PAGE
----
Have Dutch Hospitals Saved Lives and Reduced Costs? A longitudinal patient-level analysis over the years 2013–2017

Sandra Sülz*, Holger Wagenaar, Joris van de Klundert

*Corresponding author for this work

Research output: Contribution to journalArticleAcademicpeer-review

1 Citation (Scopus)
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The purpose of this paper is to shed light on the ongoing Dutch health system reforms and identify whether hospital costs and hospital outcomes have changed over time. We present an empirical analysis that is based on granular micro-costing data and focuses on conditions for which mortality is indicative of outcome quality, that is, acute myocardial infarction (AMI), chronic heart failure (CHF), and pneumonia (PNE). We deploy a dataset of more than 80,000 inpatient episodes over 5 years (2013–2017) to estimate regression models that control for variation between patients and hospitals. We have three main findings. First, our results do not indicate significant outcome improvements over the years; that is, there is no time trend for mortality. Second, there is heterogeneity in cost developments: for patients who survive their inpatient stay, our data indicate that costs increase significantly by 0.9% per year for AMI patients, while costs decrease significantly by 1.7% per year for CHF patients and by 1.9% per year for PNE patients. For patients who pass away during their inpatient stay, our data do not indicate significant time trends. Third and finally, our results suggest the existence of substantial cost variation between hospitals.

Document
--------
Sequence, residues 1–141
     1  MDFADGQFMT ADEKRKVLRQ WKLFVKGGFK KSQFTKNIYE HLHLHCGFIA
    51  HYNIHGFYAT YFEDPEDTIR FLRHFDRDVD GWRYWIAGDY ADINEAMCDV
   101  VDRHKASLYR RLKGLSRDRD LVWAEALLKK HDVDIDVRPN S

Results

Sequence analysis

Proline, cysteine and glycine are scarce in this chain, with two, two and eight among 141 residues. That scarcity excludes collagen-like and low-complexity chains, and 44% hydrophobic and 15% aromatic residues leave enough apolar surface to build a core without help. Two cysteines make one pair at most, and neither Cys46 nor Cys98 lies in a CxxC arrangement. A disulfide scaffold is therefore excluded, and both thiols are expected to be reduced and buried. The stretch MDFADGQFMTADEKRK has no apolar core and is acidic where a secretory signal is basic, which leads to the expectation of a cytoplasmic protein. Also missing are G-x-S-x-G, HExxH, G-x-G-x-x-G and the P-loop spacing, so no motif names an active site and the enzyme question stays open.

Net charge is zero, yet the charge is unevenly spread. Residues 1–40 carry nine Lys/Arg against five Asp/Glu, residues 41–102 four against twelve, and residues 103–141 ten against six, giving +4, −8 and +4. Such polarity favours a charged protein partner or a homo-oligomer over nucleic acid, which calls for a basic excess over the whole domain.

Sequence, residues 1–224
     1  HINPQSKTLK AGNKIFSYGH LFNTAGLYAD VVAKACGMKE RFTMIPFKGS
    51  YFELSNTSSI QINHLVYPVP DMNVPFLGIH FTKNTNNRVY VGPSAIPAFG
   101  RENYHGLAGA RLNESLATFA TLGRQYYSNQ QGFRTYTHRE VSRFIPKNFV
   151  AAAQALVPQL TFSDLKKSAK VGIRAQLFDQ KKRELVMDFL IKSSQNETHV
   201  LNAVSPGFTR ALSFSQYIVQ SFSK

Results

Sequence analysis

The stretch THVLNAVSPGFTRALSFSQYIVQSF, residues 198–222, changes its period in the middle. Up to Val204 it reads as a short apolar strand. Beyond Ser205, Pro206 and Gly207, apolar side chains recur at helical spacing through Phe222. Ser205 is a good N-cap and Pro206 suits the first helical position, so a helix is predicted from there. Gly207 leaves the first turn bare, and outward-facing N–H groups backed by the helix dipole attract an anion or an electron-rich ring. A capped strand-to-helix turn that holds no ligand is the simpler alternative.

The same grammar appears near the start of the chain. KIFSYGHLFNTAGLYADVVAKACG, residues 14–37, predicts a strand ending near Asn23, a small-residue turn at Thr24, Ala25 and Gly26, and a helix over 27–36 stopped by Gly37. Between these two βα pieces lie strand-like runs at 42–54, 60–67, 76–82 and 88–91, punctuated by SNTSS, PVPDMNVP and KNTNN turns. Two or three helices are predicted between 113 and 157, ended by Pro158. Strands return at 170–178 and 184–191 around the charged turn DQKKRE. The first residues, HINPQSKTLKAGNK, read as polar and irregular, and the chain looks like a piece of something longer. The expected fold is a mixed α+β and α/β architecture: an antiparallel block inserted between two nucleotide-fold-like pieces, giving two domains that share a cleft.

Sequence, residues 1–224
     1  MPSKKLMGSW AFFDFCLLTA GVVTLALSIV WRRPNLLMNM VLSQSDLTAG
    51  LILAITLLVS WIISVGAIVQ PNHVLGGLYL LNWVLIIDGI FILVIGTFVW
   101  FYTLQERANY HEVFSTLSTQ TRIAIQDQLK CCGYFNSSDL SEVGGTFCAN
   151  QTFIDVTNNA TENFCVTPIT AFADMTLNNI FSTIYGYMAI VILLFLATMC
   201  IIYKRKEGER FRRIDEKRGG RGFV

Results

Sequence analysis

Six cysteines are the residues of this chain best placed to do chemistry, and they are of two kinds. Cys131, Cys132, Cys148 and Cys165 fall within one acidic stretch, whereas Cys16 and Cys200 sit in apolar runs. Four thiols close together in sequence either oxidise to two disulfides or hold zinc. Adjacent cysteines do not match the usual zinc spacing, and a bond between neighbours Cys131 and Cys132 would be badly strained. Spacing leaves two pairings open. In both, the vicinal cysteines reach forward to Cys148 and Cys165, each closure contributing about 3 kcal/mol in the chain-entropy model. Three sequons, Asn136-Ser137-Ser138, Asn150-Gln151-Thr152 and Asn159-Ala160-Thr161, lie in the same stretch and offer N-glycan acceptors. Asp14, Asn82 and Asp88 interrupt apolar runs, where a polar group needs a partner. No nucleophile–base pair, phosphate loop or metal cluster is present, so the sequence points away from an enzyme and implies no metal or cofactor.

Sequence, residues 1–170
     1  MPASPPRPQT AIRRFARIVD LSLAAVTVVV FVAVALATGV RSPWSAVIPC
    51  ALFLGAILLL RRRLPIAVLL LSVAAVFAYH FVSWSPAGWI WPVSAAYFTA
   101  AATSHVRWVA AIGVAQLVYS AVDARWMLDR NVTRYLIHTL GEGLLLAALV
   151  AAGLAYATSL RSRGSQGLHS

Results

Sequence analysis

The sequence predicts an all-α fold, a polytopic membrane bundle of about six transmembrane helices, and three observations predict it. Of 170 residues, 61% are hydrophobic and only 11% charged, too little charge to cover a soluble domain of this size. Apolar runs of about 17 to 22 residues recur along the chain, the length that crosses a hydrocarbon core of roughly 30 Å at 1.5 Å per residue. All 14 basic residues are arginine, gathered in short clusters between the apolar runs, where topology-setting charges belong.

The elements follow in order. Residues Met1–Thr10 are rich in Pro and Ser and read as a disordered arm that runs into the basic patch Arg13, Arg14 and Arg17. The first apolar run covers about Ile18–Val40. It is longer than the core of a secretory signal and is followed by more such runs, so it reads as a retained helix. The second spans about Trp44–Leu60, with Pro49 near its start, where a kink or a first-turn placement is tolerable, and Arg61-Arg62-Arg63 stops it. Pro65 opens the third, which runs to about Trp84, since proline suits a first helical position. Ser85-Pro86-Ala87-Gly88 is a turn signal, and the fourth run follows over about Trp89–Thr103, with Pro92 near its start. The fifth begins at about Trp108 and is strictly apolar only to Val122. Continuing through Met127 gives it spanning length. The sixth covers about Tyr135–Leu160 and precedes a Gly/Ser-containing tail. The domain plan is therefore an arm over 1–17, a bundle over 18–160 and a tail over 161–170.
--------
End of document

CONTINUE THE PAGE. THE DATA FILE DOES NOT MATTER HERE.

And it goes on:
Original languageEnglish
Pages (from-to)2399-2408
Number of pages10
JournalHealth Economics (United Kingdom)
Issue number10
Early online date12 Jul 2021
Publication statusPublished - Sept 2021

Bibliographical note

Publisher Copyright:
© 2021 The Authors. Health Economics published by John Wiley & Sons Ltd.

Research programs

  • EMC NIHES-05-63-01 Management


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